A strategic procurement process is essential to your overall business strategy. In addition to helping organizations maximize their spending and value effectively, it also gives them a standardized process and clear strategy to outline departmental functions, forecast, cost and earnings/budget data. Taking the time to create one, also ensures the proper preparation of operational metrics so organizations hit their strategic business objectives.
In the first part of our series the strategic procurement process, we covered step Step 1 of the procurement process: Conducting an internal needs assessment. In this second part, we’ll cover step 2: Conducting an assessment of the suppliers’ market
Here’s more about step 2:
STEP 2: Conduct an assessment of the suppliers’ market
This step is all about identifying potential countries that are feasible sources of the needed raw materials, components, finished goods or services. If there are special requirements, the number of suitable countries may become limited. For example, if one of the raw materials used by the organization can only be found in one country, then options become much smaller. For manufactured products, there is a much broader range of potential countries from which to select. Services may be limited by the technological requirements of the organization. It is important to identify if the supply market has the following attributes:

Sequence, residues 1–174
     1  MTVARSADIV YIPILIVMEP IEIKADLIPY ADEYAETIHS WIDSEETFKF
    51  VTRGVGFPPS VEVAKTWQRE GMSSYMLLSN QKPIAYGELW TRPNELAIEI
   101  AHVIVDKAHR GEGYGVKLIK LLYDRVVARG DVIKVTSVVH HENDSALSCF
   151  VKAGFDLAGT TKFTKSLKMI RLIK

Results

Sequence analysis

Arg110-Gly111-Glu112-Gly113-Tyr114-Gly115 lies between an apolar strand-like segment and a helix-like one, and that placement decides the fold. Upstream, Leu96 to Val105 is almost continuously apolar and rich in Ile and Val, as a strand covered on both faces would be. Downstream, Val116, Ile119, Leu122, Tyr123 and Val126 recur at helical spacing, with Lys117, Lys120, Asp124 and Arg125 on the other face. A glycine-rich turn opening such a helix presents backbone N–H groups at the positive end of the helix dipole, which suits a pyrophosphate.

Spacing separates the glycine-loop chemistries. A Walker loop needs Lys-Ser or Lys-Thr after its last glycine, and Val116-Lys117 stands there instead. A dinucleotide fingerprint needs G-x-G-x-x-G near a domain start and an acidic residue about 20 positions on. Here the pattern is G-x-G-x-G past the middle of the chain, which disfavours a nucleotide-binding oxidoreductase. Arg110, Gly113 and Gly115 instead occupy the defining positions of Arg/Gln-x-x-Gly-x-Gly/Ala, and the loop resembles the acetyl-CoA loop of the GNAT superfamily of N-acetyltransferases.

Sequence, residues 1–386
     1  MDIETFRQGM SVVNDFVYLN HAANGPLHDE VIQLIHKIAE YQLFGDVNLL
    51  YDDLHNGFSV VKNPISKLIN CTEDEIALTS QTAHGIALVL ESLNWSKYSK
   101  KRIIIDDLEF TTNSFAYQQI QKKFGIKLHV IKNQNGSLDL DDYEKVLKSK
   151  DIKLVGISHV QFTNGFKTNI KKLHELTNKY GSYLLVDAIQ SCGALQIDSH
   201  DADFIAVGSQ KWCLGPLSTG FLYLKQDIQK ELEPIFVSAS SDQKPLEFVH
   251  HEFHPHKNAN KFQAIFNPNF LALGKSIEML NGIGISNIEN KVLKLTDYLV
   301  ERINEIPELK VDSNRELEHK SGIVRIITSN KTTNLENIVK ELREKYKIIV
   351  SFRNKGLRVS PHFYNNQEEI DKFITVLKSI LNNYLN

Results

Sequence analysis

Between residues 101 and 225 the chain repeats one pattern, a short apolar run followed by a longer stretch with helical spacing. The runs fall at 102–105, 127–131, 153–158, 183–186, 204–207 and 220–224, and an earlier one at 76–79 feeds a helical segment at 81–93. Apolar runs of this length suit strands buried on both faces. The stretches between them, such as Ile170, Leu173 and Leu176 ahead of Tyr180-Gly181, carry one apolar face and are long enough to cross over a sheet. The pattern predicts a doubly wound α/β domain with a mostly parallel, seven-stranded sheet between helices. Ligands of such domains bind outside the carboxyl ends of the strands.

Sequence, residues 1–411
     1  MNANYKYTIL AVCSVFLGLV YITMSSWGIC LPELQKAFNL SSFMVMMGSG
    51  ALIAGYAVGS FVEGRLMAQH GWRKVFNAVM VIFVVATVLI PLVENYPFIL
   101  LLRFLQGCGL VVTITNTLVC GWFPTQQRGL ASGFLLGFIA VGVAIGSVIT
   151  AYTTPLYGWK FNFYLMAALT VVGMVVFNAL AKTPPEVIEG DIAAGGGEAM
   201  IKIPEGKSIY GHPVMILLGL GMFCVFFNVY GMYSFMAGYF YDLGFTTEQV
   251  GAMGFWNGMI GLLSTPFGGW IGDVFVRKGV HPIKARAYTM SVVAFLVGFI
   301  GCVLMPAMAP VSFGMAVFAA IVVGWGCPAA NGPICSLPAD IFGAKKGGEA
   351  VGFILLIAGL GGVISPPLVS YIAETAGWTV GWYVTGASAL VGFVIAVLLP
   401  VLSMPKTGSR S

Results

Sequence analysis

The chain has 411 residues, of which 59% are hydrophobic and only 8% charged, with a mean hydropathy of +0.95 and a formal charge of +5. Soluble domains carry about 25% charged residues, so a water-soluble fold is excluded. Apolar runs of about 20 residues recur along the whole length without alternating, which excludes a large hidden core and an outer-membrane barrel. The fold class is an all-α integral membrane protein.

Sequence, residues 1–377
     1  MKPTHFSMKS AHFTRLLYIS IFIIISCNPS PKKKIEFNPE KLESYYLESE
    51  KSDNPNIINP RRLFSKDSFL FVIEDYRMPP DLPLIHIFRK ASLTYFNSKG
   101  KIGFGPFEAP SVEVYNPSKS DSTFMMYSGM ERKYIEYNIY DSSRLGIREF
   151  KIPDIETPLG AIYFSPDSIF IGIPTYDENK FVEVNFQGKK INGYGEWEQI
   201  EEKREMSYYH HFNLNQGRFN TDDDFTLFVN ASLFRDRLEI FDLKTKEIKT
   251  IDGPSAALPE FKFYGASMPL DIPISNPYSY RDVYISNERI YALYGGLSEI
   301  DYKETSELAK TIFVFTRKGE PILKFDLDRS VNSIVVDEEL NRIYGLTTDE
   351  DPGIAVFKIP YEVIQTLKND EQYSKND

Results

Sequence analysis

- High competitiveness
- Oligopolistic, with a few suppliers
- Monopolistic, with a single supplier
This market information will impact future bargaining between the strategic procurement team and the supplier.
Organizations can conduct basic research into potential supplier markets using the following practices:
- Checking websites about conditions, such as transparency and the ease of doing business, in the country
- Contacting foreign governments directly (many have their own websites)
- Requesting information from foreign chambers of commerce and trade associations
- Obtaining information from foreign banks or domestic law companies that have offices in the target market
- Reading international trade publications published by, for example, the World Trade Organization (WTO), the International Trade Centre (ITC), and the Organization for Economic Cooperation and Development (OECD)
- Contacting the supply market’s trade commissioner or consular representative at the foreign embassy located in the organization’s home country, if available
This supply market information helps to narrow supplier selection.
Stay tuned for part 3 of this series: STEP 3: Collect Supplier Information.